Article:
untangles his pieces.} 20. Qd2 {Vishy wisely prefers to play with the queens
on the board. His pawn structure is indeed quite a mess and he migth easily
get into trouble once that Black consolidates.} (20. Qxb6 axb6 21. Kb1 Nd6 22.
Rc1 f5 23. Rc7 Kf6 {this looks easier for Black.}) 20... Rd6 21. Rhe1 Nd8 {The
bishop is too strong and needs to go west. Magnus starts to create some
problems to his opponent.} 22. f5 ({Better than} 22. Bh3 e6 $1 23. Bg2 exd5 24.
Bxd5 $2 Qc5+ 25. Kb1 Nc6 {where White loses material on the pin.}) 22... Nxe6
23. Rxe6 Qc7+ (23... Rxe6 24. fxe6 Qd6 25. Kb1 Rc8 26. h4 {looks OK for White.}
) 24. Kb1 ({The rook endgame favors Black} 24. Qc2 Qxc2+ 25. Kxc2 Rc8+ 26. Kb3
Kf7 $15) 24... Rc8 {with the threat Rd6xd5 and if White captures the
rook-Qc7-c2-c1 and mate.} 25. Rde1 Rxe6 26. Rxe6 Rd8 27. Qe3 $1 {Activity
above all. This is the key in positions with heavy pieces on the board.} Rd7 {
Diagram [#]} 28. d6 {Anand decided to get rid of the weakness at once. However,
he could have saved some unpleasant minutes to himself had he played the active
} (28. fxg6 $1 hxg6 29. h4 $1 {Next, White is going to discover the opponent's
king and secure at least a draw} Qd8 30. d6 exd6 31. h5 $1 {[%csl Yg7][%cal
Rg1g8,Re1e8] Diagram [#]} gxh5 32. Re8 Qc7 ({Black has to be careful} 32... Qb6
$4 33. Qg3+ Kh7 34. Rg8 {will lead to mate.}) 33. Qg3+ {with these active
pieces White can never lose and if needed can force perpetual, for example} Kh6
34. Rh8+ Rh7 35. Qe3+ Kg7 36. Re8 Qc4 37. Re7+ Kh8 38. Re8+ $11) 28... exd6 29.
Qd4 Rf7 30. fxg6 hxg6 31. Rxd6 a6 {Seemingly a dead draw but just like in the
previous match Carlsen manages to create a lot of trouble to his opponent.} 32.
a3 Qa5 33. f4 Qh5 34. Qd2 ({There is no need to sacrifice a pawn yet} 34. Ka2
Qxh2 35. Rd8 Qe2 36. Qd5 Qe7 $15) 34... Qc5 35. Rd5 Qc4 36. Rd7 {This should
be OK, but active play was still better} (36. h4 $1 Qe4+ 37. Ka2 Qh1 38. h5 $1
gxh5 39. Qd3 {and the exposed king deprives Black of any winning chances} Qh4 (
39... h4 $2 40. Rh5 f5 (40... Qg2 41. Rxh4) 41. Qd8 {and Black is getting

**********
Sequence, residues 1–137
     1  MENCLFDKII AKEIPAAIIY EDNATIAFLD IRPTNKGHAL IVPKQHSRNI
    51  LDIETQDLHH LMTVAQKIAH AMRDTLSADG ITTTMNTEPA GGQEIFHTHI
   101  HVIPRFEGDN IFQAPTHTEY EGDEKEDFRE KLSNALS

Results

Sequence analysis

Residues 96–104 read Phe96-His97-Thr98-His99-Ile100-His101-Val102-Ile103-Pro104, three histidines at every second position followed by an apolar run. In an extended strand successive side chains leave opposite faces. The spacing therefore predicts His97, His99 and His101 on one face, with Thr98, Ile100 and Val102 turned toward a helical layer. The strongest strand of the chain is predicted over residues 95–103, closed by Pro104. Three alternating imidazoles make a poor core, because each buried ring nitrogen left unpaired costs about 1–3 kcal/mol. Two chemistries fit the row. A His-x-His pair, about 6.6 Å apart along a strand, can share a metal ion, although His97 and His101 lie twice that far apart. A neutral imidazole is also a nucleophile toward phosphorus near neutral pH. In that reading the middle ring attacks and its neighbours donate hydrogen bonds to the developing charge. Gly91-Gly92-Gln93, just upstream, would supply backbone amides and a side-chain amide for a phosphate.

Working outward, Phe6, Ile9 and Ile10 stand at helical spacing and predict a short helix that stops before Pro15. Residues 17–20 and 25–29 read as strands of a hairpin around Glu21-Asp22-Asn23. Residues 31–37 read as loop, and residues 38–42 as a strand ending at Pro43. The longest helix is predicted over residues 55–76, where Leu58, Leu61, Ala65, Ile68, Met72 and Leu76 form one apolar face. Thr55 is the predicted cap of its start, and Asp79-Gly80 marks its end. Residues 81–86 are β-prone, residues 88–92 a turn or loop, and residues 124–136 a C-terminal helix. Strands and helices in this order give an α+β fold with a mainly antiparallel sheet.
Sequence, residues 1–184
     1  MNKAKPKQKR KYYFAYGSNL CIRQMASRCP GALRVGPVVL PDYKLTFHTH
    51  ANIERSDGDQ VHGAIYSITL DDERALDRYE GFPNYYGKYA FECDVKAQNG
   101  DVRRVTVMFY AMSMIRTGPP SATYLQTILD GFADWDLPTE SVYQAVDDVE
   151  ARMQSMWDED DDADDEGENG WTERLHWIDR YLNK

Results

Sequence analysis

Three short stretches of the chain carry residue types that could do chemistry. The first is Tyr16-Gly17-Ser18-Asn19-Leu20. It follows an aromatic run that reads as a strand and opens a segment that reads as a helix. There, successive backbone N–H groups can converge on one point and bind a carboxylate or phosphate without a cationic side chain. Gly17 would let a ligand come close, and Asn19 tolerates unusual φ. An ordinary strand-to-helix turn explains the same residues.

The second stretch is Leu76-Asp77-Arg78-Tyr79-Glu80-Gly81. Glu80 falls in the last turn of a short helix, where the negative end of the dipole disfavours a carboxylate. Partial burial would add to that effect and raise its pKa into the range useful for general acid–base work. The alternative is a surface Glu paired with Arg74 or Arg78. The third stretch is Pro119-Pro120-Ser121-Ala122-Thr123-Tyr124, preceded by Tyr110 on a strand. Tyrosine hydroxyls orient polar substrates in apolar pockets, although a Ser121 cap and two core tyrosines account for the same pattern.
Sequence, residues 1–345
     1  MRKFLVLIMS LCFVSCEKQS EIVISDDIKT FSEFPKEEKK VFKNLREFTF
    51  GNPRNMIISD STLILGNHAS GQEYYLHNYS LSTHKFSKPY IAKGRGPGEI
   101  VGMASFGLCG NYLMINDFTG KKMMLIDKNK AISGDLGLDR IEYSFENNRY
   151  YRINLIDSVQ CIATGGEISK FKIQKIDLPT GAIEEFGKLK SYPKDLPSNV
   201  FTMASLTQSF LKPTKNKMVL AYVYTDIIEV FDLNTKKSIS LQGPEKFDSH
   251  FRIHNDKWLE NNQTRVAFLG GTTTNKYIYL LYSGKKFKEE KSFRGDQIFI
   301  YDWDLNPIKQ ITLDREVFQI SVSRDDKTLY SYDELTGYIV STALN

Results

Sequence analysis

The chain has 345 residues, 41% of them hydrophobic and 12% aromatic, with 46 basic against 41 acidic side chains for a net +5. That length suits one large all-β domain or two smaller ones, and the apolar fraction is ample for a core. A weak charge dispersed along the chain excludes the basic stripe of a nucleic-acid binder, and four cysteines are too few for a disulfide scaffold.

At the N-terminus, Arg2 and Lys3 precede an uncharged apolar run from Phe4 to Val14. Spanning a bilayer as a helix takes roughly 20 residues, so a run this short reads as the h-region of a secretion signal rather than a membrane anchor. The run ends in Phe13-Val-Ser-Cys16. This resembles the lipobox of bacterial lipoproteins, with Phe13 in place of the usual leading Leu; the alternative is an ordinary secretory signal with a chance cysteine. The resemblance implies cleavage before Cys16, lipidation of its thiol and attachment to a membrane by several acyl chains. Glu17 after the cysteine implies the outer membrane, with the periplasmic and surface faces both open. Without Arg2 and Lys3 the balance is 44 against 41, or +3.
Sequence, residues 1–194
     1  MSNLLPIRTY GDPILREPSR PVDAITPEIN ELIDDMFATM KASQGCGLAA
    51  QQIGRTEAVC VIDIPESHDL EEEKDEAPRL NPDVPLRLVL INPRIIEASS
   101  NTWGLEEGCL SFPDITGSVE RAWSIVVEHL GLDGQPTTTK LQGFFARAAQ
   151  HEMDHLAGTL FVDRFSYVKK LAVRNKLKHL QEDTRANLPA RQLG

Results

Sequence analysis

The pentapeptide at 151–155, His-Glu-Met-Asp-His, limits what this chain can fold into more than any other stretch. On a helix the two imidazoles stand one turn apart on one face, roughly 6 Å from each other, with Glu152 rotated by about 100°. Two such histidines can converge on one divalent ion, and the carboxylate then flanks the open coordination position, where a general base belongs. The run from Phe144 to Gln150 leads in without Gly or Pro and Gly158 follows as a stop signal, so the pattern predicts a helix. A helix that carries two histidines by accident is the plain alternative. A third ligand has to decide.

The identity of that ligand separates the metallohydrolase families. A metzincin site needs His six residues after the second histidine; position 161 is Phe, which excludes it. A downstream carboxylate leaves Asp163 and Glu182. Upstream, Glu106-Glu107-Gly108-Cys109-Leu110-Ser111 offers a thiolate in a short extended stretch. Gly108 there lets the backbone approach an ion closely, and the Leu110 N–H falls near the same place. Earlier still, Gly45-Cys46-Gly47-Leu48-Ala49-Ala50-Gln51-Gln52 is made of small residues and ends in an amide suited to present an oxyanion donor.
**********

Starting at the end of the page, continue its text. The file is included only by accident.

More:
checkmated.}) 40. Qe4 Qg4 41. Rd2 Kh6 42. Rg2 Re7 43. Qxe7 Qxg2 44. Qxf6+ Qg6
45. Qh8+ Qh7 46. Qf6+ $11) 36... Qc6 37. Rd6 {Once more hesitation. After
saying A Anand could have gone for the B} (37. Rxf7+ Kxf7 38. Qd3 {with
holdable endgame as} Qh1+ {does not win a pawn} 39. Ka2 Qxh2 40. Qd7+ Kf8 41.
Qc8+ Kg7 42. Qxb7+ $11) 37... Qe4+ 38. Ka2 Re7 39. Qc1 ({It is too late for}
39. h4 Qc4+ 40. Ka1 Re2 $17) 39... a5 $1 {A very strong practical resource!
The pawn on a4 will create a lot of tactical possibilities for Black.} 40. Qf1
$2 {One more mistake and Vishy gets close to a disaster.} (40. Qc8 $1 {was
still a neat draw after} a4 41. Rd8 Qe6+ (41... Kf7 42. Rf8+ Kg7 43. Rg8+ Kf7 (
43... Kh7 $4 44. Rh8+ Kg7 45. Qf8#)) 42. Qxe6 Rxe6 43. Rd7+ Kh6 44. Rxb7 Re4
45. b4 (45. Rb4 f5 $1) 45... axb3+ 46. Kxb3 Rxf4 $11) 40... a4 41. Rd1 Qc2 {
with the threat of Re7-e2 to completely paralize White.} 42. Rd4 {Diagram [#]}
Re2 $6 {Magnus lets Vishy off the hook.} ({Critical was} 42... Re3 $1 {[%csl
Ya2,Ra3][%cal Re3a3] with the threat Re3xa3! and mate on the next move. White
has three defenses} 43. Rd7+ {which leads to a difficult queen endgame} (43.
Rb4 $6 {which loses to} Rb3 44. Rxb3 axb3+ 45. Ka1 Qxh2 $19) (43. Qd1 {which
lead to a difficult rook endgame} Qb3+ (43... Qxd1 44. Rxd1) 44. Ka1 Qxd1+ 45.
Rxd1 Kh6 $17) 43... Kh6 44. Rxb7 Rb3 45. Rxb3 axb3+ 46. Ka1 Qxh2 47. Qd1 Qxf4
48. Qh1+ Kg5 49. Qd5+ f5 50. Qxb3 {Only further analyzes will prove if Black
was winning here or not, but whatever the conclusion is one thing is certain-
this would be a nightmare to defend in a parctical game.}) 43. Rb4 $1 {Now
Anand confidently saves the game.} b5 44. Qh1 (44. Rxb5 $4 Qc4+) 44... Re7 45.